227     Libsafe determines if the function can be safely executed.
  228 \item[Violation handling]
  229     If the function cannot be safely executed, libsafe executes warning and
  230     termination actions.
  231 \end{Ventry}
  233 %----------------------------------------------------------------------
  235 \subsection{Interception}
  236 \label{subsec:interception}
  238 The basic idea behind libsafe is the interception of vulnerable functions by
  239 safer alternatives that first check to make sure that the functions can be
  240 safely executed based on their arguments.  If the check passes, libsafe either
  241 calls the original function or executes code that is functionally equivalent.
  242 Otherwise, warnings are posted and the process is terminated.
  244 Libsafe is able to intercept functions (i.e., substitute its alternatives in
  245 place of the original functions) because it is implemented as a shared library
  246 that is loaded into memory before the standard library (i.e., {\tt
  247 /lib/libc.so}).  For Linux systems, the run-time loader, {\tt ld.so}, is
  248 responsible for loading the various program code and libraries into memory.
  249 For programs that require the standard library, {\tt ld.so} loads this library
  250 into memory and links all references to library functions in the program code
  251 to the library functions.  If libsafe is activated, {\tt ld.so} loads the
  252 libsafe library into memory before the standard library.  Because the libsafe
  253 alternative functions have the same names as the original standard library
  254 functions, {\tt ld.so} uses the libsafe functions in place of the standard
  255 library functions.
  257 Most of the libsafe functions perform a safety check and then call the original
  258 function or a safer alternative (e.g., {\tt snprintf()} is called in place of
  259 {\tt sprintf()}).  However, two functions are treated differently:  {\tt
  260 \_IO\_vfprintf()} and {\tt \_IO\_vfscanf()}\footnote{{\tt \_IO\_vfprintf()} and
  261 {\tt \_IO\_vfscanf()} are the core functions that all other {\tt *printf()} and
  262 {\tt *scanf()} functions eventually call.  Thus, intercepting these two core
  263 functions effectively intercepts the entire family of {\tt *printf()} and {\tt
  264 *scanf()} functions.  Note: {\tt syslog()} also eventually calls {\tt
  265 \_IO\_vfprintf()}}.  For {\tt \_IO\_vfprintf()} and {\tt \_IO\_vfscanf()}, the
  266 original source code from libc-2.1.3-91 is incorporated directly into libsafe.
  267 Libsafe needs the original source code because the safety checks for these two
  268 functions require knowledge of local variables.
  271 %----------------------------------------------------------------------
  273 \subsection{Safety check}
  274 \label{subsec:safety_check}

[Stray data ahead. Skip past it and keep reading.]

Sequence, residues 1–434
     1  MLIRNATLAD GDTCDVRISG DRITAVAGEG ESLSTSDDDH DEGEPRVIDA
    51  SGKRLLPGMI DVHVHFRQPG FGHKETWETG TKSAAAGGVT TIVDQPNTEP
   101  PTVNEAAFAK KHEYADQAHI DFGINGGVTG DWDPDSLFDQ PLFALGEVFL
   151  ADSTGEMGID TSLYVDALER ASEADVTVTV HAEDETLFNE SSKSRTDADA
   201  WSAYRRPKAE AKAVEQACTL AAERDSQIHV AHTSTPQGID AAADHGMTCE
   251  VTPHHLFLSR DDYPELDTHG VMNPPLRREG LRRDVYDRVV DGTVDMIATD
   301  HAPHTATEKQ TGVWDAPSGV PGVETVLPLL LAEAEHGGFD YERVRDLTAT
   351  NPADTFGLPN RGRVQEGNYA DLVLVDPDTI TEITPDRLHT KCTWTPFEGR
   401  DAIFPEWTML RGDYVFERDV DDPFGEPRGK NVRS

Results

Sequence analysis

276 The safety checks for each function are highly specific to each function.  For
  277 {\tt \_IO\_vfprintf()}, libsafe performs two checks:
  279 \begin{Lentry}
  280 \item[Return address and frame pointer check]
  281     For each {\tt \%n} specifier, libsafe checks the associated pointer
  282     argument.  Each such pointer argument is passed to {\tt
  283     \_libsafe\_raVariableP(void *addr)}, where {\tt addr} is the pointer
  284     argument.  {\tt \_libsafe\_raVariableP(void *addr)} returns {\tt 1} only if
  285     it determines that {\tt addr} points to a return address or a frame pointer
  286     on the stack.  Otherwise, it returns {\tt 0}, which means that {\tt addr}
  287     points to an address that is either not on the stack or which is on the
  288     stack, but which is not a return address or a frame pointer.  If {\tt
  289     \_libsafe\_raVariableP()} returns {\tt 1}, then libsafe has found a
  290     violation.
  291 \item[Frame span check]
  292     The argument list for any function should always be contained within a
  293     single stack frame.  Thus, attacks that attempt to probe the stack using
  294     statements such as {\tt printf("\%x \%x ...")} might require arguments that
  295     extend beyond the current stack frame.  The {\tt
  296     \_libsafe\_span\_stack\_frames(void *start\_addr, void *end\_addr)}
  297     function returns {\tt 1} only if {\tt start\_addr} and {\tt end\_addr} are
  298     located in two different stack frames.  If {\tt
  299     \_libsafe\_span\_stack\_frames()} returns {\tt 1}, then libsafe has found a
  300     violation.
  301 \end{Lentry}
  303 \begin{figure}[htbp]
  304 \centerline{\psfig{figure=stack.eps,height=3.5in}}
  305 \caption{Stack Frames}
  306 \label{fig:stack_frames}
  307 \end{figure}
  309 To perform these two checks, libsafe determines the locations and sizes of the
  310 frames on the stack.  Figure~\ref{fig:stack_frames} illustrates the